And this really has nothing to do with race. Really.

MAJAK Daw is a Sudanese migrant to Australia. People know about him because he is the first African to play Australian rules football. A member of the junior string of the North Melbourne football club — Werribee — Majak’s recruitment resulted in a good deal of positive publicity for the senior club that is not especially well-known for performing well on the field.

North Melbourne last won the AFL senior championship in 1999 when it had in its ranks a man considered the best Australian rules player ever – Wayne Carey. Since then the team has turned in indifferent performances year in and year out.

The degree of publicity Majak received grew even more when he was racially abused during a game in 2011. Newspaper and TV coverage was sympathetic to the young man who has seen his share of war in Sudan before he came to Australia.
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One-day cricket has become just another tamasha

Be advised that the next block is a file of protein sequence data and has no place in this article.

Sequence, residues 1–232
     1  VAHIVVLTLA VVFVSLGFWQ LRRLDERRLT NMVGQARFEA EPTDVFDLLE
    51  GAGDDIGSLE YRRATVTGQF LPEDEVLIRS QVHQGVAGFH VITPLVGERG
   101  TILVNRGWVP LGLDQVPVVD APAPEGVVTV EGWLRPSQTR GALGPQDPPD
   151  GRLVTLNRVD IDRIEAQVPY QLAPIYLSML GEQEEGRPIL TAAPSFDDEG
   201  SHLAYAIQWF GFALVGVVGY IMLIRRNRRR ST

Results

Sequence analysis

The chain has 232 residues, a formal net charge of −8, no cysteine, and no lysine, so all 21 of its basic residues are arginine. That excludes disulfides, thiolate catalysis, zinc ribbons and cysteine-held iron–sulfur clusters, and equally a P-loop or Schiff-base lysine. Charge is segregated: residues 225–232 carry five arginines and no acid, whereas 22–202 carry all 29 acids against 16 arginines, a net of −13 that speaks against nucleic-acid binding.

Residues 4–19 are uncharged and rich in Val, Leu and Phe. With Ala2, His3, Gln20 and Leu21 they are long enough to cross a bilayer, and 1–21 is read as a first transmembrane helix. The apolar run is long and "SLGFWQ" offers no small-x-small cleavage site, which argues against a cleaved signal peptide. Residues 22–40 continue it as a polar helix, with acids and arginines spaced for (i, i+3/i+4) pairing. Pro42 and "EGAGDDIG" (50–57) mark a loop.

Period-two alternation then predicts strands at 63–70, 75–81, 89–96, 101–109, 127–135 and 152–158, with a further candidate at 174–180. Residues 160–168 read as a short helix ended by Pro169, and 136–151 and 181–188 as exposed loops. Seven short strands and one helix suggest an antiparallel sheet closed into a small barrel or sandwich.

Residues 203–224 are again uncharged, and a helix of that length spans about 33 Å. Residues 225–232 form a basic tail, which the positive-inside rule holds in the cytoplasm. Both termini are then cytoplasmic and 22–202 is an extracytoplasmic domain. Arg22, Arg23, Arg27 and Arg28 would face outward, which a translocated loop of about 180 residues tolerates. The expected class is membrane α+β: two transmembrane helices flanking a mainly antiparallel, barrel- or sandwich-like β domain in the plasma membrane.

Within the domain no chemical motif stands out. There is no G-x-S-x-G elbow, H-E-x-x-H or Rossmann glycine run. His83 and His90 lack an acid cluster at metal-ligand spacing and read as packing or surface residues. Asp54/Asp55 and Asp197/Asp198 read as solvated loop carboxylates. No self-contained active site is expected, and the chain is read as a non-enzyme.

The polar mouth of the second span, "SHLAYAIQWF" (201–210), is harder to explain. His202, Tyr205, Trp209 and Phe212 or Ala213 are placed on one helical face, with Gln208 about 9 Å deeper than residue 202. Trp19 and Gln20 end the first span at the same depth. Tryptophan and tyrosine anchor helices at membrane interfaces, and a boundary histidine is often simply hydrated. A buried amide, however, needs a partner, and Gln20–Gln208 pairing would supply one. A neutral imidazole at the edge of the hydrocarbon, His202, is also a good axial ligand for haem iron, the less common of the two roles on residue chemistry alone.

AFTER more than 20 years, I finally went to the stadium to watch a one-day international, between India and Australia. I will never do so again.

In 1989, I watched Pakistan defeat India at Sharjah in a one-day tie; apart from the headache of sitting at ground-level and swallowing copious amounts of dust, the cricket was watchable. There were no distractions in the area I sat.

But the entire thing has now degenerated into farce. Louts of both sexes who seem intent on cramming themselves full of lager constitute a sizeable part of the crowd. There were Indians in large numbers, all equally loutish, and outdoing even the Nazis in jingoism.
Continue reading One-day cricket has become just another tamasha